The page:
Look at verse 14. “He appointed twelve–designating them apostles–that they might be with him and that he might send them out to preach....” From the beginning, Jesus designated them apostles. The word “apostle” means one who is sent. Jesus had a clear purpose to call his apostles. It was to send them out to preach the message of God’s salvation. Jesus wanted to use them as ambassadors of Jesus’ kingdom. Their spiritual influence would change the world and future generations. Jesus was sure that they would grow to be great apostles.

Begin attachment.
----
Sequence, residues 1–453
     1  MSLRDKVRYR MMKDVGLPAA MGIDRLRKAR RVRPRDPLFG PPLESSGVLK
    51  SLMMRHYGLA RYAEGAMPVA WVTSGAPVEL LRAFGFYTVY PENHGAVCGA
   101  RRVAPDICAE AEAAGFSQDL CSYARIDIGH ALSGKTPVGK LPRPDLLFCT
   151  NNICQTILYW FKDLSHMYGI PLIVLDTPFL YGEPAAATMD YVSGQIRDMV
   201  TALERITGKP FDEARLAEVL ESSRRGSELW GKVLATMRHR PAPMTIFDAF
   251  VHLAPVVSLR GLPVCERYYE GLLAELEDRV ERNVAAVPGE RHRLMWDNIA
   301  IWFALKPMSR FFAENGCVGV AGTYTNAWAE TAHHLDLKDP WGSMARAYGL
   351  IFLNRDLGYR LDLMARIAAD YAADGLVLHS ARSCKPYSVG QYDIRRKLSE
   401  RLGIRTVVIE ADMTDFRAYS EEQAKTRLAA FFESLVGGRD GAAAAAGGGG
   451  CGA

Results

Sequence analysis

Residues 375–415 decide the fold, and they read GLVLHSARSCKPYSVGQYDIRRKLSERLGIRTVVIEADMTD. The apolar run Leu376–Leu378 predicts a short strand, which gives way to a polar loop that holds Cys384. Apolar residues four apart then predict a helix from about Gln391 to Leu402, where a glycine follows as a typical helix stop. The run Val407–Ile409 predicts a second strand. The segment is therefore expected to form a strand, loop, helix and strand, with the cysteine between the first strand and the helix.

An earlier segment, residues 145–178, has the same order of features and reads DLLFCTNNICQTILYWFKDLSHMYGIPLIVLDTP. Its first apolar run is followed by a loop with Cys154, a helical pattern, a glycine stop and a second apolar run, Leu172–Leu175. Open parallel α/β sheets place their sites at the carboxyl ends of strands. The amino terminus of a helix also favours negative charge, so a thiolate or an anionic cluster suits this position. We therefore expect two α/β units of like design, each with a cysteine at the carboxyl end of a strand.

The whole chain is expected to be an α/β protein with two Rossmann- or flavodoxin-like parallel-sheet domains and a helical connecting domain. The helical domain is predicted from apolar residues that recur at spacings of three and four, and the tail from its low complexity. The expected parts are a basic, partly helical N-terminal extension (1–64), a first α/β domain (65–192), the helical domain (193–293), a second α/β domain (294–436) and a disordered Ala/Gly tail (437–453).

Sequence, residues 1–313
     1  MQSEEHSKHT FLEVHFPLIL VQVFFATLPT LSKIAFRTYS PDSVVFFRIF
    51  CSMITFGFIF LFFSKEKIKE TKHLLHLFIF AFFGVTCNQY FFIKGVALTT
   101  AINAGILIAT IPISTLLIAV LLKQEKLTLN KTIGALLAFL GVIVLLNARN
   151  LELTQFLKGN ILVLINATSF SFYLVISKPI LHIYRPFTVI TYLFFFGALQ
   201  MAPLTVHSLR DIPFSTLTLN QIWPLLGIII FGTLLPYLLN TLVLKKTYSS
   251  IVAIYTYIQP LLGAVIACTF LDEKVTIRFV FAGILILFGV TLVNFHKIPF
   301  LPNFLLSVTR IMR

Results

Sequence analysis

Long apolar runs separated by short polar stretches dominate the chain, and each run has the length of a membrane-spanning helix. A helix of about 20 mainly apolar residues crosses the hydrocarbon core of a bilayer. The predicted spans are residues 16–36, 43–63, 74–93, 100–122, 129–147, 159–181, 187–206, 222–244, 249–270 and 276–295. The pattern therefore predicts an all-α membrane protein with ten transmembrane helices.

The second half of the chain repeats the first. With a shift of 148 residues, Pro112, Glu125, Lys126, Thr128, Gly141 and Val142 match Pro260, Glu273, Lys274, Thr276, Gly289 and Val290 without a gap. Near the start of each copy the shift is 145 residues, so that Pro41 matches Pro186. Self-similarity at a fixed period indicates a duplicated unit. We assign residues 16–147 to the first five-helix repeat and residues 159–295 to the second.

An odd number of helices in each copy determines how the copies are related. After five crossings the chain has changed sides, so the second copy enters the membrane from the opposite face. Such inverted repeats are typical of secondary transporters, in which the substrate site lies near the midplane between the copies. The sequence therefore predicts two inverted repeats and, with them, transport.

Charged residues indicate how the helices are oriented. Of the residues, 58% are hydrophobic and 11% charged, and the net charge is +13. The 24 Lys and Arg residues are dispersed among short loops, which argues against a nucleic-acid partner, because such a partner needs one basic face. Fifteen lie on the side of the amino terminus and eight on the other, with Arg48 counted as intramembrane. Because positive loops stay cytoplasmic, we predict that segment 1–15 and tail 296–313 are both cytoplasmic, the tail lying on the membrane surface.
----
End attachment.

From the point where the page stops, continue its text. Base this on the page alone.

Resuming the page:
How did Jesus train them? He allowed them to “be with him.” Jesus invited the first two disciples saying, “Come and see.”  Seeing is believing. Staying together is the best way to learn. There is no training manual at that time. They had to know Jesus by being with him. This was the greatest privilege. Jesus is God. Jesus’ one touch could heal any kind of disease. Jesus’ one word could drive out demons and bring new life to the soul. Everyone wanted to be with Jesus. But Jesus gave a special privilege of being with him to the twelve appointed men. Jesus paid special attention to these twelve men.